North Queensland agricultural export study underway

North Queensland agriculture study under way


News
Burdekin Mayor Lyn McLaughlin, CRCNA Chair Sheriden Morris, Senator Ian Macdonald, Townsville Enterprise's Michael McMillan and KPMG Partner, Robert Poole announce the Australian first study in Townsville.

Burdekin Mayor Lyn McLaughlin, CRCNA Chair Sheriden Morris, Senator Ian Macdonald, Townsville Enterprise's Michael McMillan and KPMG Partner, Robert Poole announce the Australian first study in Townsville.

Aa

A study will be undertaken into North Queensland's agricultural sector to better target Asian markets.

Aa

A study into North Queensland’s agricultural sector to identify how producers can export to the expanding Asian market will be undertaken in a project that has been dubbed the first of its kind in Australia.

The Federal Government’s Cooperative Research Centre for Developing Northern Australia (CRCNA) has funded the study, which will undertaken by KPMG, Premise and AEC in consultation with Townsville Enterprise.

The North Queensland Agricultural Market and Supply Chain Study is a market-led initiative that has been dubbed the first of its type in Australia.

The study will investigate how North Queensland is currently positioned to supply and export internationally to ensure local producers are well informed to maximise production opportunities and meet future international agricultural demand.

Currently, the agricultural sector contributes 3,642 jobs (3.5 per cent) and about $604.19 million (3.8 per cent) to Gross Regional Product to the Townsville/North Queensland economy.

KPMG Partner Robert Poole said he believed the initiative would provide knowledge and insights to drive future economic prosperity for North Queensland.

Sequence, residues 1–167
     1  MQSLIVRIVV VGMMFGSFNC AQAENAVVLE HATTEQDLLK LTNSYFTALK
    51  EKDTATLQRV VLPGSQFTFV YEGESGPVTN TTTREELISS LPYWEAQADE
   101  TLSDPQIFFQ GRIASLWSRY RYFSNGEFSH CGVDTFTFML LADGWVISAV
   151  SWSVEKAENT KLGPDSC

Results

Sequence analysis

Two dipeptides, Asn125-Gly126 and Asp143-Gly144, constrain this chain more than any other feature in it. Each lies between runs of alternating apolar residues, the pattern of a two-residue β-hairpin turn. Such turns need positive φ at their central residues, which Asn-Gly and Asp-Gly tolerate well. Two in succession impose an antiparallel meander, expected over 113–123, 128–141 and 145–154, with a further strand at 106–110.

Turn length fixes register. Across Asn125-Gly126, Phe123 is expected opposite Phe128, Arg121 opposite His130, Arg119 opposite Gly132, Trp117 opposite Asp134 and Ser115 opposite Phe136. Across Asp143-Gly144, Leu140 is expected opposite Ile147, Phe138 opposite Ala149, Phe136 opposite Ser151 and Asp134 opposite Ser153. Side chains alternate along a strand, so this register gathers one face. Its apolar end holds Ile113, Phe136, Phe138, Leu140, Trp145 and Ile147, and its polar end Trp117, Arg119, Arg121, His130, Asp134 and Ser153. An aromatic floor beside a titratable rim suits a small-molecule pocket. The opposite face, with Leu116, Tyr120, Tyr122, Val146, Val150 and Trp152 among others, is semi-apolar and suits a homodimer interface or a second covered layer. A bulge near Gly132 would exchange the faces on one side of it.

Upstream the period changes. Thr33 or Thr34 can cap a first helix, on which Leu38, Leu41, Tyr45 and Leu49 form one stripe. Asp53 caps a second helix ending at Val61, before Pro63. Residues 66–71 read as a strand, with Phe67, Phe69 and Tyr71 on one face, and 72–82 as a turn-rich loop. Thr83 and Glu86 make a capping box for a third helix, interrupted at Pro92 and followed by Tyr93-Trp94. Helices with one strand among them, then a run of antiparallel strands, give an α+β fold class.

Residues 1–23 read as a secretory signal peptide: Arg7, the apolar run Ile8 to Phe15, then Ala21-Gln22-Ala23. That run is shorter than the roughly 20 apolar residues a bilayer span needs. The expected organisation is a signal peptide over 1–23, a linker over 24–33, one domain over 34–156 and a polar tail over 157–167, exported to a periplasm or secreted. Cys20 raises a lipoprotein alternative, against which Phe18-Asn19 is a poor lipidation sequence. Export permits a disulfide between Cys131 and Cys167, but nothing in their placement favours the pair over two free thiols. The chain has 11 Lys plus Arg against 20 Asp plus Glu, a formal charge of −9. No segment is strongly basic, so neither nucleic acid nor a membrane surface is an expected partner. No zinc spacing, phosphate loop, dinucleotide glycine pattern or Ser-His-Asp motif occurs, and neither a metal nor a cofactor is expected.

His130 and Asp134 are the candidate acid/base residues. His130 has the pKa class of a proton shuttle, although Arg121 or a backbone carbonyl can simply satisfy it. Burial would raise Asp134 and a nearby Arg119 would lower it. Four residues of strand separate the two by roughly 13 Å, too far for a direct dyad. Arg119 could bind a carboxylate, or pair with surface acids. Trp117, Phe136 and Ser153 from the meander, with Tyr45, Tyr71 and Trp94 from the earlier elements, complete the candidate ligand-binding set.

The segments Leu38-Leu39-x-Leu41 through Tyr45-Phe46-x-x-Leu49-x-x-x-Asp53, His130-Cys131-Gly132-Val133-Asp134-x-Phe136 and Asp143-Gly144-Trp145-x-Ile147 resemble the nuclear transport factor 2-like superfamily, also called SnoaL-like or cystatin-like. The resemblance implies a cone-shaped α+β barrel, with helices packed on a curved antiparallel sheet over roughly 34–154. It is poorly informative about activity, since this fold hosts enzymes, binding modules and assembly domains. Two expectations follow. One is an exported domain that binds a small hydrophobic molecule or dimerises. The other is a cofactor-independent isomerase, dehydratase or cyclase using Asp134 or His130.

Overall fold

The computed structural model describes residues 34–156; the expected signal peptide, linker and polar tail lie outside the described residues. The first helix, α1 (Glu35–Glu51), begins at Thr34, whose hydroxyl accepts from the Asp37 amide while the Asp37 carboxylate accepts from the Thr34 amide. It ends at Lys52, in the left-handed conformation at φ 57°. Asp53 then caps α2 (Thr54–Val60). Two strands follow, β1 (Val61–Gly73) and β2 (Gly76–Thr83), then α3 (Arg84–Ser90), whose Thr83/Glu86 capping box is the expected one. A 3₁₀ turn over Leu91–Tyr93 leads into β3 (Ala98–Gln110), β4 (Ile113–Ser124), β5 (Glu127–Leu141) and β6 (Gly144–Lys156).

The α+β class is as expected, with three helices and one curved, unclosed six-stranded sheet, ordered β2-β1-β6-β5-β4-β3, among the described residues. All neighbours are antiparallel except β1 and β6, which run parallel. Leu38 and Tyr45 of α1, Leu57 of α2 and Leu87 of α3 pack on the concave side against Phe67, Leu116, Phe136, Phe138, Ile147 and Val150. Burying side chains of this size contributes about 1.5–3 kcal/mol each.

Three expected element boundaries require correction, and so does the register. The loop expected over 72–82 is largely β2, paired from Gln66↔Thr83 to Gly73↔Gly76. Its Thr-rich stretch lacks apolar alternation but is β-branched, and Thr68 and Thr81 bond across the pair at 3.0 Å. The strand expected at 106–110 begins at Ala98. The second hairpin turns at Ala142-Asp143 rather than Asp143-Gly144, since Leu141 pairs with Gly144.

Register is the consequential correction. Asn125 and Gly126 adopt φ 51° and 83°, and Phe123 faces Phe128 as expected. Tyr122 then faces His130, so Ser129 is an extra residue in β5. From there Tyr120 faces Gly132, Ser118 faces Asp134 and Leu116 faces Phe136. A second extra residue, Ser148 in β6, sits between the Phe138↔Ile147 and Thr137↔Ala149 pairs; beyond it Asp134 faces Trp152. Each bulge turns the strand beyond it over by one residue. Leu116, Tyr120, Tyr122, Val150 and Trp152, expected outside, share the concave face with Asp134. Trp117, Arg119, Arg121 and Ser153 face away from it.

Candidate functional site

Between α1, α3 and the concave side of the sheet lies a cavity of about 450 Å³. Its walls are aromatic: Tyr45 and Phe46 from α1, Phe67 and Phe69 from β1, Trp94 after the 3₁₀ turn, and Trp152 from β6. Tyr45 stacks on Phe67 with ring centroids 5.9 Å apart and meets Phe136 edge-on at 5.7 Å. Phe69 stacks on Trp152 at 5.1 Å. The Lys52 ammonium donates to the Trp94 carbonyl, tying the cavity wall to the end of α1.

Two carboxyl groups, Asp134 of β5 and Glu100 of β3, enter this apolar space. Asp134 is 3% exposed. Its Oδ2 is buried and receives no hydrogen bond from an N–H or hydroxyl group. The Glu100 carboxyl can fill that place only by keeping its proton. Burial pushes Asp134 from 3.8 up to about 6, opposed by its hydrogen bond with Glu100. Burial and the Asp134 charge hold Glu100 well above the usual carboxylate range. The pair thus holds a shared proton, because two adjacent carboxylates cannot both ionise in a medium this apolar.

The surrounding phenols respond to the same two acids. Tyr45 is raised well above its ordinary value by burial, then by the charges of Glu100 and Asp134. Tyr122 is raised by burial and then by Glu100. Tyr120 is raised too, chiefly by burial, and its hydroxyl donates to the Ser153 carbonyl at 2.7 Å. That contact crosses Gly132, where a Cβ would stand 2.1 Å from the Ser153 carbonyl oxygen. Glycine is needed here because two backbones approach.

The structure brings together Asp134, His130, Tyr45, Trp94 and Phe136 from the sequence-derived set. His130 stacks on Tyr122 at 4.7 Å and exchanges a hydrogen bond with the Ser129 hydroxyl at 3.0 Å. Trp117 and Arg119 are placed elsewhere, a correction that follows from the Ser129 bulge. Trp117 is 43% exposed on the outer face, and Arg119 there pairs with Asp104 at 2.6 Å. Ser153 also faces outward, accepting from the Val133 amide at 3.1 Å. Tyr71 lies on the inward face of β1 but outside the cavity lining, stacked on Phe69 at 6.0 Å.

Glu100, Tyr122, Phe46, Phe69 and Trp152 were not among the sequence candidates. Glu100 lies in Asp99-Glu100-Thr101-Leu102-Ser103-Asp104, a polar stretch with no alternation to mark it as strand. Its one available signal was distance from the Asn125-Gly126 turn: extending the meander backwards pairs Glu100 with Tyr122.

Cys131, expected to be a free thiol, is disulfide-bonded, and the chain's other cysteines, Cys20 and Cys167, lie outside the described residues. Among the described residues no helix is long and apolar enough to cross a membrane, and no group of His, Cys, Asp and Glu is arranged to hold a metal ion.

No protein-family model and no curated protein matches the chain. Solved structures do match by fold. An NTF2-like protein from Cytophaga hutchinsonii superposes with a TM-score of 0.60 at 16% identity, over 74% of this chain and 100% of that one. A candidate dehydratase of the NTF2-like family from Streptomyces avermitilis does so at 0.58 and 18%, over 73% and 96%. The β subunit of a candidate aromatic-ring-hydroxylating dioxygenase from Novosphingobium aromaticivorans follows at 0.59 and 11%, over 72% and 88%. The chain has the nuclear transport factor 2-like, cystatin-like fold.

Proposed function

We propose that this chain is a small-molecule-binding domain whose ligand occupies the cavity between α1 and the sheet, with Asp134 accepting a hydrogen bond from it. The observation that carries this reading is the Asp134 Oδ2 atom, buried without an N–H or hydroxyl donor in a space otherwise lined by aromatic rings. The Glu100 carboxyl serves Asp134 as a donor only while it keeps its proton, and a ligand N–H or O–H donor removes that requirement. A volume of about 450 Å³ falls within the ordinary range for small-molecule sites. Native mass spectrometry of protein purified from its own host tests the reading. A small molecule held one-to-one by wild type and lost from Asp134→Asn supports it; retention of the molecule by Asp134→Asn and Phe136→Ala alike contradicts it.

“Regions need to invest in their people and infrastructure to ensure they are appropriately ready for supplying to the world,” Mr Poole said.

“We have selected a team to support and work collaboratively on this study with expertise across agribusiness, supply chain analysis, trade access, government relations and stakeholder engagement both in Australia and Asia.”

Townsville Enterprise, Burdekin Shire Council, Hinchinbrook Shire Council and industry partners identified the need for collective action, to define how Queensland’s agriculture sector could best position itself and take advantage of Asia’s emerging middle class phenomenon.

Townsville Enterprise Policy and Investment Director Michael McMillan said it was vital for the region to identify the key products and markets that local primary producers should target.

“In order to maximise future return on investment and consolidate Australia’s international reputation for high quality, safe and clean food, our region’s primary producers must be equipped with the necessary intelligence to meet market demand,” Mr McMillan said.

“North Queensland’s agricultural sector represents significant growth opportunities for the region, with a strong reputation for quality and safety driving demand from high growth international markets including China, the Middle East, South Asia and ASEAN. “

CRCNA Chair Sheriden Morris said there was continued growth in Asian markets for Australian produce.

“If we can identify opportunities that capture even a small portion of that, the potential benefits are enormous,” Ms Morris said.

“The framework developed in this project to assess growth opportunities and define high value products in international markets can be applied to any region of Northern Australia, enabling them to undertake their own assessment and realise the opportunities within their region.”

North Queensland based Senator Ian Macdonald said the study would deliver positive outcomes for North Queensland.

The findings are expected to be handed down within 12 months.

Aa

From the front page

Sponsored by